She dimly understood his surrender and part of her, but only part, surrendered, too; she worked full-time now, taking coats at The Velvet Slipper, as the children were almost grown and her daughters could help out with the cleaning and shopping and supper. Sometimes she woke up in the middle of the night and felt his coiled restlessness beside her; she thought of reaching around to take his hand, but most often she did nothing. She grew to love sweets – her one selfish pleasure; no gift pleased her more than a one pound box of Zimmerman’s Chocolate Specials, which she devoured after a perfunctory offering to the rest of the family. She lost the slender loveliness that had defined her girlhood but the light never left her face, so that her children and her sisters and even her mother looked to her in times of distress, awed by her ability to still believe that people were good. Once, while trying to comfort a daughter who’d found out her Manhattan lover was married, the daughter turned to her, tear-stained and disheveled, and cried out, “But how can you possibly understand? You’re too good to understand anything!” She was taken aback by this outburst, and then she felt an overwhelming guilt, that she had so successfully hidden her secret thoughts of walking across the water on a moonlit path, leaving them all behind.


It ended in the flat on Twenty-third Street, the years and the bottles having taken their toll, his dreams destroyed like a herd of maimed horses. She sat by his bedside, where they could smell the cotton-candy, salt water-scented air through the windows. He held her hand firmly while he told stories of his own boyhood in Gallipoli, of servants and tutors, things his own children had never had, but still they all gathered on Sundays and listened to him talk because he had never talked this much before to any of them in their lives. Only one daughter rebelled, embittered by it all: “He ignores us our whole lives and now that he’s dying I’m supposed to pretend to feel love?” To which her mother replied, bewildered, “But darling, what else is there?”

And when the end came, when they believed it was finally over, he raised himself from his sweat-stained pillow and said to her, “In case I never told you, in case I never said it before, this life…this life…I could never have done it without you.” She smiled then, and leaned forward and kissed him gently, and suddenly she closed her eyes and grasped his hand tightly, leaving marks on his flesh, and then, slowly, very slowly, she released him. She let him go.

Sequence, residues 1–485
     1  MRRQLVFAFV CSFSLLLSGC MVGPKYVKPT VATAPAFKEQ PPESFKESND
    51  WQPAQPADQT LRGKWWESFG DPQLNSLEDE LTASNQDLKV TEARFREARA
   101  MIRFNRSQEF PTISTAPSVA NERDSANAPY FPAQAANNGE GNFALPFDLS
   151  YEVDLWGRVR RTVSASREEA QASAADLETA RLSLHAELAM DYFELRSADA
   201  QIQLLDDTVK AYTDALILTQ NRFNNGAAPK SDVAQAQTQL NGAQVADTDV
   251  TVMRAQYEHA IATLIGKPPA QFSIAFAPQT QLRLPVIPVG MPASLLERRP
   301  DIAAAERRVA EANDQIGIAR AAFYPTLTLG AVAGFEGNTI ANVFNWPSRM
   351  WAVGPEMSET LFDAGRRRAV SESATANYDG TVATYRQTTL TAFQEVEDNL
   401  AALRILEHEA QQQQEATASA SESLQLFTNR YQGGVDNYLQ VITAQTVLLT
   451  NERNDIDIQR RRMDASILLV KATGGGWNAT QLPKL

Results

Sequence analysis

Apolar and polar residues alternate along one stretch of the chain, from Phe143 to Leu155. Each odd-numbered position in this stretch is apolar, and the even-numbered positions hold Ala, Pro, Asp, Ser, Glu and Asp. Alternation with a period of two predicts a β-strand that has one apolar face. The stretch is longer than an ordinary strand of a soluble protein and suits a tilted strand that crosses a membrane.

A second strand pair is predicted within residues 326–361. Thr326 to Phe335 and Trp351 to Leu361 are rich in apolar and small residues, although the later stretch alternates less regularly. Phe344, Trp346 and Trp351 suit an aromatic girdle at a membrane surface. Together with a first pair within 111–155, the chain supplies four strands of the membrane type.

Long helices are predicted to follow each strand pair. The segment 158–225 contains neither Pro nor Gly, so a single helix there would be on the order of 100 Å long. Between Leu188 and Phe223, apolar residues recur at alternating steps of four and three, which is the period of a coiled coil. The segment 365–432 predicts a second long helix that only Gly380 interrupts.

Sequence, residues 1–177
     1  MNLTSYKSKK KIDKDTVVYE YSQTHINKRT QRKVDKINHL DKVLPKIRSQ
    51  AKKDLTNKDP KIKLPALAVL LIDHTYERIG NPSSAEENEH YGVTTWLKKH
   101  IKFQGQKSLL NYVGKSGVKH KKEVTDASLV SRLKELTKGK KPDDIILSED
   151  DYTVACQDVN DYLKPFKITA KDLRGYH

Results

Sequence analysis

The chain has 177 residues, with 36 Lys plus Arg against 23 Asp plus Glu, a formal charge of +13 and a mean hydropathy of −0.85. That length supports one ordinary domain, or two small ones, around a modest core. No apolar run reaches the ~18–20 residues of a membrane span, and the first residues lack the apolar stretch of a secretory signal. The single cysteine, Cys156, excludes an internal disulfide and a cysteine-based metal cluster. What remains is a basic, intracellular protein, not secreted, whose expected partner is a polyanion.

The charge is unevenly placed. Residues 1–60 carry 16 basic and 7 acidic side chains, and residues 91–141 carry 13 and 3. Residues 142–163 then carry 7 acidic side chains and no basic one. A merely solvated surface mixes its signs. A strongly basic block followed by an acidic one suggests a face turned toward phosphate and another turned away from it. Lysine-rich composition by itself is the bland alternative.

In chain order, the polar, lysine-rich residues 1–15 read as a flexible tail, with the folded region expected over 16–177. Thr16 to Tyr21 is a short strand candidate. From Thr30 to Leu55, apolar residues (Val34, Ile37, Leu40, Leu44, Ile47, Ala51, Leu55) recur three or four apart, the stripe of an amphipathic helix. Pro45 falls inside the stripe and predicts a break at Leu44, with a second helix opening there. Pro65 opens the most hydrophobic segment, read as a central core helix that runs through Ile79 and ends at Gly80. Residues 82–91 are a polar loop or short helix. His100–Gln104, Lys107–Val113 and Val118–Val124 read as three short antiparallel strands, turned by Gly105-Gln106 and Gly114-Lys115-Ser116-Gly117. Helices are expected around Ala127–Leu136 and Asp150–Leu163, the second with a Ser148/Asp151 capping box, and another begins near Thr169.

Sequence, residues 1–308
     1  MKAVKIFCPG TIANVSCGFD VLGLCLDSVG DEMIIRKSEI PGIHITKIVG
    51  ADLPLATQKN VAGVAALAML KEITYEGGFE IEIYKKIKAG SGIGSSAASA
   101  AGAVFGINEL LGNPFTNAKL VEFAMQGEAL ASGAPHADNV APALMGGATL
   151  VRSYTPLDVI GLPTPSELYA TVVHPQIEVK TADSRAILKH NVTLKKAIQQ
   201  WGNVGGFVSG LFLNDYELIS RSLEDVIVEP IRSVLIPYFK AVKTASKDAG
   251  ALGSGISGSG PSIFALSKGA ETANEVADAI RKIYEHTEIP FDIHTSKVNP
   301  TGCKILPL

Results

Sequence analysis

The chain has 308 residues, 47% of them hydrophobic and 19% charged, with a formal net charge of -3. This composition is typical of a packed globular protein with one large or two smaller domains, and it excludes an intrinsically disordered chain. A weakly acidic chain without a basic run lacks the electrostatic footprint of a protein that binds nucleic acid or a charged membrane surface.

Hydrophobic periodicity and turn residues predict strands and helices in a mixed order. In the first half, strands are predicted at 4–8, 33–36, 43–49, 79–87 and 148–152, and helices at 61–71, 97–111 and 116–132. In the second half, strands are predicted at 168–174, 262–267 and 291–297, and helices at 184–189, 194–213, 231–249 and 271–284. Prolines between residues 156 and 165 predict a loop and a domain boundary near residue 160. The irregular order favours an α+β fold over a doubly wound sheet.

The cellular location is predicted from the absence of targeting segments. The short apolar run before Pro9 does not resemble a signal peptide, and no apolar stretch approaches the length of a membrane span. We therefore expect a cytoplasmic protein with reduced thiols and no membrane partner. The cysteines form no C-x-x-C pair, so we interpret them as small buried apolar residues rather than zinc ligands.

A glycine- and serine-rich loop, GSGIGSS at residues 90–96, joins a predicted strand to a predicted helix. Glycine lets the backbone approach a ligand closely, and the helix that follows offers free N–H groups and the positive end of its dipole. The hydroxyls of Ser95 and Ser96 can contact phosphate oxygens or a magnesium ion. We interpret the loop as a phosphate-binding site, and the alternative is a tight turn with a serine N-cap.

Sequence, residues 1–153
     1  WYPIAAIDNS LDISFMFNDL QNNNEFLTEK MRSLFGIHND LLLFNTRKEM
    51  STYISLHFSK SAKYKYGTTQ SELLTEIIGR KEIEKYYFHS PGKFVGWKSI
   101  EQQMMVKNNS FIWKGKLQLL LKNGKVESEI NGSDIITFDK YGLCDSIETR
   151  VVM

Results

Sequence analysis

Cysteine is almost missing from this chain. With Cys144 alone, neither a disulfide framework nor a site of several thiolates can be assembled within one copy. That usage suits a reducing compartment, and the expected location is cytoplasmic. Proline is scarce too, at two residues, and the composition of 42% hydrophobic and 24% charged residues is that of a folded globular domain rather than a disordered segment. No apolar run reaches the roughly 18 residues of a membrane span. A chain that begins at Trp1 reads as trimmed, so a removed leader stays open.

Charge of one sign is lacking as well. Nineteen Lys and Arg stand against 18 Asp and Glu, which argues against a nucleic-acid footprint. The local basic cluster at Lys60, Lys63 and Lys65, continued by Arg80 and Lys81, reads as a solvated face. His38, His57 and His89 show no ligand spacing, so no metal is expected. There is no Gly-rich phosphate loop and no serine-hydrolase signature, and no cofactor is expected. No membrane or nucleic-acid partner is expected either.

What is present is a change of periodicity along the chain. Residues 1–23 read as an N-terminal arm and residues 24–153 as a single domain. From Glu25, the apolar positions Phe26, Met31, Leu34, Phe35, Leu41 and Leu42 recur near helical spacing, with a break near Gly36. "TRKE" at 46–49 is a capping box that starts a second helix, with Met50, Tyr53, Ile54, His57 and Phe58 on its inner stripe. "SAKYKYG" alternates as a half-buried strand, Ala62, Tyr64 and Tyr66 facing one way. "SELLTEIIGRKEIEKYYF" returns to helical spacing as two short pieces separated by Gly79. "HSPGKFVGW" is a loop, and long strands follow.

Jago has produced illustrations for over 40 books, a couple of TV shows and a few magazines. He has recently finished a book called An Ambush of Tigers that is being published by Millbrook Press in the US. He is also the illustrator of our beautiful cover.

You can buy prints of these illustrations from the artist HERE.

So these illustrations were a complete departure for me, as a children’s book illustrator it was a wonderful challenge to tackle a more grown up story. I read and re-read the story trying to identify three important moments in the narrative. I sketched various possibilities but in the end I settled on three that really focused on the woman and tried to convey the changing emotions she feels, hope, isolation, yearning…. For some reason her hair became a bit of a theme too, which helped me make her recognisable in each illustration without needing to show her face each time.
— Jago, on A Love Story


Judy Chicurel’s writing has appeared in national and regional publications, including The New York Times, Newsday and Granta. Her new novel-in-stories, If I Knew You Were Going to Be This Beautiful, I Never Would Have Let You Go is out now from G.P. Putnam’s Sons.

You can find out more about her book HERE and you can buy it HERE.

My grandparents on my father’s side were the impetus for the story; both sets of grandparents were arranged marriages and my father’s mother was fifteen when she came to America to marry my grandfather, whom she’d never met and who was twice her age. They lived in Coney Island and my grandfather died when I was very young, so I never really knew him. He owned a stand on the boardwalk and I used to think it was the greatest thing on earth to go there; I would tell people my grandfather owned the boardwalk at Coney Island because he knew everyone and we would always get free tee shirts and trinkets and tickets for the rides. Growing up, we were more surrounded by my mother’s family, so there was always this bit of mystique about my father’s side. And though it’s an old story, I’m still amazed and touched, whenever I think about my grandmother coming here, so young, and making a life that reached over generations, having children that rose above hard times to forge a better life. It’s not something we might define as a major accomplishment, but it really was.
— Judy Chicurel, on A Love Story